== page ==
Allergic sensitization does not predispose to sinus inflammation in externalized paranasal sinuses

Navid Ahmadi, Jenna M. Christensen, Henry P. Barham, Gretchen M. Oakley, Raymond Sacks, Richard J. Harvey

Research output: Contribution to journalArticlepeer-review

1 Citation (Scopus)


Background: Chronic rhinosinusitis (CRS) has a multifactorial etiology, with a debate about the role of inhalant allergy in the pathogenesis of CRS. Objective: This study assessed the impact of allergy status on externalized paranasal sinuses after tumor resection to determine if a predisposition to inhalant allergy brought about additional inflammation after sinus surgery. Methodology: A case-control study was performed on patients who had no history of CRS who underwent paranasal sinus tumor resection. Allergic sensitization was defined by a positive serum ImmunoCAP test result. Outcomes were measured at least 6 months after surgery by using the modified Lund-MacKay endoscopic score and the 22-item Sino-Nasal Outcome test, with rhinitis, sleep, psychological, ear and/or facial, and sinus subscores to assess the impact of allergy status on mucosal inflammation. Results: A total of 103 patients (53.44 ± 17.46 years; 46% women) were assessed. Of these, 61.17% were allergically sensitized at the time of surgery. Postsurgery endoscopic assessment was similar [the modified Lund-Mackay endoscopic score allergic sensitized 0.5 (1.7) versus nonallergic sensitized 0.0 (0.9); p = 0.15]. Sinonasal symptoms were also similar between the groups' 22-item Sino-Nasal Outcome test scores, allergic sensitized versus allergic nonsensitized, (allergic 28.9 ± 20.8 versus nonallergic 33.5 ± 19.7; p = 0.31), rhinitis score (5.9 ± 5.5 versus 6.4 ± 4.7; p = 0.66), sleep score (6.9 ± 5.9 versus 7.7 ± 4.8; p = 0.50), ear and/or facial symptom score (3.4 ± 3.6 versus 4.3 ± 3.3; p = 0.22), psychological score (6.9 ± 6.0 versus 8.3 ± 6.7; p = 0.29), and of nasal symptom score (6.4 ± 5.2 versus 7.0 ± 5.3; p = 0.61). Conclusions: Externalization of the sinuses in patients with inhalant allergy did not bring about significant additional inflammation in patients after tumor surgery.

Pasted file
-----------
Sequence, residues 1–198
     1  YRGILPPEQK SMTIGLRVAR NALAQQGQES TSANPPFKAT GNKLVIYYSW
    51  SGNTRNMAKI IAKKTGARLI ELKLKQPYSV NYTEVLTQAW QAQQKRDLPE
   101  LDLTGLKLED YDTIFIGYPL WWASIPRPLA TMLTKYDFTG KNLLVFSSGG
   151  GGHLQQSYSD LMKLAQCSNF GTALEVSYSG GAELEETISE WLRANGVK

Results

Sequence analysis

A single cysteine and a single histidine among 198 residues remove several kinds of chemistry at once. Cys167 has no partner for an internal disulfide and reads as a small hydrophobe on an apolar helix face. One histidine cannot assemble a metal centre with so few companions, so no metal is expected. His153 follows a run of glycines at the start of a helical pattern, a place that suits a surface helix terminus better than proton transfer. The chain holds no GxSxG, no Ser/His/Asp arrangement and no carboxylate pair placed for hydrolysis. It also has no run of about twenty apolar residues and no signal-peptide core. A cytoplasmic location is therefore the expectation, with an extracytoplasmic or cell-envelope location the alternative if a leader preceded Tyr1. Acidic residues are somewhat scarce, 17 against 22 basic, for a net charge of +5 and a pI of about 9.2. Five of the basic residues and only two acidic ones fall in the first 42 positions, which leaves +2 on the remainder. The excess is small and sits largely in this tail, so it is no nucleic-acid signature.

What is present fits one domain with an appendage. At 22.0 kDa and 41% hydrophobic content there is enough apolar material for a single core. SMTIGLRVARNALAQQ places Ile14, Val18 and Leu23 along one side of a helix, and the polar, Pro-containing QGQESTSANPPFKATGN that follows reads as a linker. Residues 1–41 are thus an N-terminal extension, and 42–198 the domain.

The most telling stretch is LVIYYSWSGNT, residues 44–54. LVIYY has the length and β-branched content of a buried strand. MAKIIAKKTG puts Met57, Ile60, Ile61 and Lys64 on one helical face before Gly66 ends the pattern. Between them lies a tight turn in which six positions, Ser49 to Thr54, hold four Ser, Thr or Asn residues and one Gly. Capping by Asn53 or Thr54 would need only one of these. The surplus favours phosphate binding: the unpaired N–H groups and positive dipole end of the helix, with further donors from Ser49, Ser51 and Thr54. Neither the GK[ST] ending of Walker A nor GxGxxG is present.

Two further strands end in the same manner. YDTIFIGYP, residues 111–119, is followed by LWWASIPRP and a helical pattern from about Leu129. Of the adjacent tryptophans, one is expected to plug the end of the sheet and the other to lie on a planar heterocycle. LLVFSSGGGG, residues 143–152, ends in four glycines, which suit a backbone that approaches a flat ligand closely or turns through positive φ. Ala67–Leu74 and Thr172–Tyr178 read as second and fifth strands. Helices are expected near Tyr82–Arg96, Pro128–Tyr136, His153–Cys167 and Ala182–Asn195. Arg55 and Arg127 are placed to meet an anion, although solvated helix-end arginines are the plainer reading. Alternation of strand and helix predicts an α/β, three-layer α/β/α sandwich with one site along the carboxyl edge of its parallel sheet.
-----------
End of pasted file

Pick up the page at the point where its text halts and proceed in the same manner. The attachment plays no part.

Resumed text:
Original languageEnglish
Pages (from-to)3-6
Number of pages4
JournalAmerican Journal of Rhinology and Allergy
Issue number1
Publication statusPublished - 1 Jan 2017


  • Allergy
  • Endoscopy
  • Inflammation
  • Paranasal sinuses
  • Rhinitis
  • Rhinosinusitis
  • Sinus surgery


Dive into the research topics of 'Allergic sensitization does not predispose to sinus inflammation in externalized paranasal sinuses'. Together they form a unique fingerprint.

Cite this